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Old 11-26-2008, 01:23 PM   #1
lulatsch
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Mounting harddrives, letter changes


Hello,

as part of a backup system, I use 2 very simple scripts to mount and unmount a harddrive;


To mount;
#!/bin/sh
#/sbin/backup-mount
echo " /dev/sda5 mounted at /mnt/backup" >>/var/log/messages
mount /dev/sda5 /mnt/backup >>/var/log/messages
echo " /dev/sda5 mounted at /mnt/backup"

To unmount;

#!/bin/sh
#/sbin/backup-unmount
sync
echo "/mnt/backup now offline" >>/var/log/messages
umount /dev/sda5 >>/var/log/messages
echo "/mnt/backup now offline"


The problem is that when devices get (often) inserted in a haphazard manner, the drive isn't sda5 anymore, but sometimes sdb5, sdc5, sdd5 etc, and then the script doesn't work anymore.

How can I alter the script so that it picks up sd*5?
 
Old 11-26-2008, 01:32 PM   #2
tredegar
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This is a problem that udev was developed to solve.
See here: http://www.reactivated.net/writing_udev_rules.html
There are several example rules that you can modify to suit your needs.
udev needs to be restarted before your new rule will take effect.
Welcome to LQ!
 
Old 11-26-2008, 01:59 PM   #3
lulatsch
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Thankyou for the udev tip, I am looking into it.

But I have a question: what advantage would using udev bring me, opposed to (e.g.) putting the UUID of the drive in /etc/fstab?
 
Old 11-27-2008, 01:20 PM   #4
tredegar
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May I suggest you try it?
 
Old 11-27-2008, 03:40 PM   #5
newtovanilla
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I read that people who have this kind of problem with booting use a disk identifier so that the GRUB will find it without the sda5 setting. I think that is the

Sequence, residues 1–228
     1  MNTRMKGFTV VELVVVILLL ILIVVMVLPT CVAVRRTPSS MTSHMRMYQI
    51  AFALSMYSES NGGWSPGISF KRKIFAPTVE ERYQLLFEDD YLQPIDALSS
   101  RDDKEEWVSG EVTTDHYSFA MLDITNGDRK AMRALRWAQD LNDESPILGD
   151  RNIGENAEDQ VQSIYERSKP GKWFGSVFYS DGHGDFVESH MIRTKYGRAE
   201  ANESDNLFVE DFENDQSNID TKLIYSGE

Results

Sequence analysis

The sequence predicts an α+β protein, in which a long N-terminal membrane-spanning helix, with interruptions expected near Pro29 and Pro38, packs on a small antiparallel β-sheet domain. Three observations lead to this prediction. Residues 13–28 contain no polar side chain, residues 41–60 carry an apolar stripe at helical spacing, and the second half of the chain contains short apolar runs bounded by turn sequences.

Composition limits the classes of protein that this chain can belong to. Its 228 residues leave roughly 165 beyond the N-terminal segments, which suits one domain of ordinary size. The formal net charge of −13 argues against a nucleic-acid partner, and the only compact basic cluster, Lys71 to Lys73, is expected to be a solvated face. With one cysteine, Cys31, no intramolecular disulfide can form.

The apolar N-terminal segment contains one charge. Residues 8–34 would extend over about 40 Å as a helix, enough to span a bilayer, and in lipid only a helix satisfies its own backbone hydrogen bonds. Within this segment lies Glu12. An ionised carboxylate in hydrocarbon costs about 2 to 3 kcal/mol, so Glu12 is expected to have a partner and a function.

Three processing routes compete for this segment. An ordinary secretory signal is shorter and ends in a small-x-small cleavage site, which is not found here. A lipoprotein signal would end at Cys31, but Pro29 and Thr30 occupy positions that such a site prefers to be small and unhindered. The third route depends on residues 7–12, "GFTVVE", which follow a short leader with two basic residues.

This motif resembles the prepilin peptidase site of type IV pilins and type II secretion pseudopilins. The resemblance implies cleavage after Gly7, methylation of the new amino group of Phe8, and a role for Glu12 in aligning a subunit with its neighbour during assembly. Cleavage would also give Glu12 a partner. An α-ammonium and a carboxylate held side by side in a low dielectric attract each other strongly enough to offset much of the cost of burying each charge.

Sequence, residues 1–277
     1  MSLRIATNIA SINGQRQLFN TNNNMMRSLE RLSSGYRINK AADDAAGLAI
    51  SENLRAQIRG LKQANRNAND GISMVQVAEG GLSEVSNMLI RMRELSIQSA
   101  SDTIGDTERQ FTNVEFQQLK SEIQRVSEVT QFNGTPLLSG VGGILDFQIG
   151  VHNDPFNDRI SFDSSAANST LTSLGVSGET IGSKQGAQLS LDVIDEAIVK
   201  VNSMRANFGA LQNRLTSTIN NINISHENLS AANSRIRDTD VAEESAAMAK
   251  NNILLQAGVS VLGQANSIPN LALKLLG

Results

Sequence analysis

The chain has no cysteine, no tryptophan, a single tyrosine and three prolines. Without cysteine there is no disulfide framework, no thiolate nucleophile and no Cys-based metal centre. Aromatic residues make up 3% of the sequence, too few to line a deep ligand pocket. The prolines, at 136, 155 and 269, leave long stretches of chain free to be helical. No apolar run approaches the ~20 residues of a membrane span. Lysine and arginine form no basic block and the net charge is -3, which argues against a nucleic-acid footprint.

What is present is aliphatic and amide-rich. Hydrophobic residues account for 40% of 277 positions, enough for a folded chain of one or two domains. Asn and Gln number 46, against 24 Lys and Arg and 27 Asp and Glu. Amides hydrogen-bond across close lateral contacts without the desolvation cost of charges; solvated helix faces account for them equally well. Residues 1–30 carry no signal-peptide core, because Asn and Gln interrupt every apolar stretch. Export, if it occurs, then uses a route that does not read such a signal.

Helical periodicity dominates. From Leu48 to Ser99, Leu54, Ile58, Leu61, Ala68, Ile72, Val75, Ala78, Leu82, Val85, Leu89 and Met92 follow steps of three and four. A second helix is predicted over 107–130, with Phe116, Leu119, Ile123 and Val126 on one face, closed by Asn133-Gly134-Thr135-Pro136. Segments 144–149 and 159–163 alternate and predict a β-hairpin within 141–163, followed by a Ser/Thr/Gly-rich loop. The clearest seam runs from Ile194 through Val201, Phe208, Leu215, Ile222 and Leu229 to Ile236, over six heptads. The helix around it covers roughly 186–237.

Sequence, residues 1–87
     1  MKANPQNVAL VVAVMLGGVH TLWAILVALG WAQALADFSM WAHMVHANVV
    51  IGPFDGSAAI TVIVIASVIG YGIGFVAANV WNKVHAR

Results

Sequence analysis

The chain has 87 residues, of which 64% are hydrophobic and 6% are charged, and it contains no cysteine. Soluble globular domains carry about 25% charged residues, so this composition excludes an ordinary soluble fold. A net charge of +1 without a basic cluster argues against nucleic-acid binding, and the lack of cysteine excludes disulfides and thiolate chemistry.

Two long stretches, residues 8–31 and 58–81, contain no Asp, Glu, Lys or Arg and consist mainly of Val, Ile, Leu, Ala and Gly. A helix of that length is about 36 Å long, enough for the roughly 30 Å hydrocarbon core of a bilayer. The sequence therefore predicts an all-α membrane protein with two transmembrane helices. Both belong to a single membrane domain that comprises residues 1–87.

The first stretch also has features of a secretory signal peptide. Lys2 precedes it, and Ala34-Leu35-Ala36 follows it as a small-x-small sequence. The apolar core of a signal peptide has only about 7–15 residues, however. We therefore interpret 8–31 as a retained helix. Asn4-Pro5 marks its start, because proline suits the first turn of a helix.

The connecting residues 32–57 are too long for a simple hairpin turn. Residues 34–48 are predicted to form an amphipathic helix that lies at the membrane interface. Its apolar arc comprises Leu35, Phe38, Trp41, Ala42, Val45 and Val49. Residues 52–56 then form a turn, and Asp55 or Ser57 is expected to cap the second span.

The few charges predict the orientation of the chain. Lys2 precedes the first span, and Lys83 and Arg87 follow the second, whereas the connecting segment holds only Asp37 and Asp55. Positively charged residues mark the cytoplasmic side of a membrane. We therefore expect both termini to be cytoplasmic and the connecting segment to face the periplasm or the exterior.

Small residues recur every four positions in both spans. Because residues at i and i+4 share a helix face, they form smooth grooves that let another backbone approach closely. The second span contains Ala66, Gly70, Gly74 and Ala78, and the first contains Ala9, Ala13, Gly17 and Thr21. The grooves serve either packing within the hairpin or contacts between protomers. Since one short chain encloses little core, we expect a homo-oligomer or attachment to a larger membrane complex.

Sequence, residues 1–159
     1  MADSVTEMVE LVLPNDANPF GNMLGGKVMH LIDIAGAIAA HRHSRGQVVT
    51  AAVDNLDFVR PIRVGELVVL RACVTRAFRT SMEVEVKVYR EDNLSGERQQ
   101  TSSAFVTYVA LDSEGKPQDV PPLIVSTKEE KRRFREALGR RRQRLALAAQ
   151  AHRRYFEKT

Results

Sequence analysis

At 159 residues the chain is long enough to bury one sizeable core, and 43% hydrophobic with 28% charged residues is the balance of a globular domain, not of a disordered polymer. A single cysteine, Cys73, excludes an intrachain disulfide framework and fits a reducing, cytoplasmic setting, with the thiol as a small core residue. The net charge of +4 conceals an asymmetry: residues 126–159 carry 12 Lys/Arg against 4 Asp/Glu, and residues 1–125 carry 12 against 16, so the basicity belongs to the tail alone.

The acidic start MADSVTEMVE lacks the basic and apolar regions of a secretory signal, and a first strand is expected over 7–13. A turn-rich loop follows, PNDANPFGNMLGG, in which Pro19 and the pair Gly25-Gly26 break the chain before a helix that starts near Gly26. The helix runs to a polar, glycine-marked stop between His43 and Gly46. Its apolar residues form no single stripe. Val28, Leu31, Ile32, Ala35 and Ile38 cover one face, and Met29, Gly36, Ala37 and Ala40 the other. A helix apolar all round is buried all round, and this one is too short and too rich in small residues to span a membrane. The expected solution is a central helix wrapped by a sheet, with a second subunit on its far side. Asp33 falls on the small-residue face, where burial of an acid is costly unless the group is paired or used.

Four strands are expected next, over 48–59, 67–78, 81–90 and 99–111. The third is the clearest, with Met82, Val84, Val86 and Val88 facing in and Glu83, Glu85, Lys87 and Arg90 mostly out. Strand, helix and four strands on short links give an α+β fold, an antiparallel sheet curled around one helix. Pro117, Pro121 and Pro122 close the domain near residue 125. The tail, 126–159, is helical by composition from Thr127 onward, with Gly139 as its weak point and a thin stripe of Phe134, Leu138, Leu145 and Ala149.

Quote:
UUID
you mentioned. Does mount work with UUID? They would put the UUID in the file /etc/fstab and then also in the GRUB menu, so that it would boot up without the sda5 setting.
 
Old 11-27-2008, 03:42 PM   #6
lulatsch
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Yes, one can specify the UUID of a device in /etc/fstab. This is the solution I am planning on using, as of yet.
 
Old 11-27-2008, 10:34 PM   #7
salter
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Shell scripts can handle input in the form of $1 (for the first parameter passed), etc.

Change the script so that it will take the drive letter from the command-line parameter (if no such parameter is passed, then apply a default value like 'a').

This way you will not have to change the script in the future, but you can still act flexible on a changed drive configuration.

Last edited by Tinkster; 10-30-2010 at 04:05 PM.
 
Old 12-06-2008, 07:26 AM   #8
lulatsch
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The problem has expanded: several different harddrives (with differing UUIDS etc, of course) will be used, and each of these needs to be mounted to /dev/sda5 when it's connected. How can this be done?
 
Old 12-06-2008, 10:51 AM   #9
lazlow
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Why not use you original script like a subroutine and pass it the $1 from another(master) script. Then have a different master script for each drive(backup1, backup2, etc). I can see no good reason that you should be limited to /dev/sda5.
 
Old 12-06-2008, 05:14 PM   #10
tredegar
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Quote:
The problem has expanded:....
Please reread my post #2:
Quote:
This is a problem that udev was developed to solve....
Don't try and mount each disk at /dev/sdXY This is "The wrong way to do it", and may cause you many problems in the future.

Make a udev rule by following the link I gave you, to mount them, based on each disk's UUID if that is what you'd like, at /media/CurrentBackupDevice

Then your problem is solved.

There is no point in us offering solutions if you are not prepared to try them.
 
  


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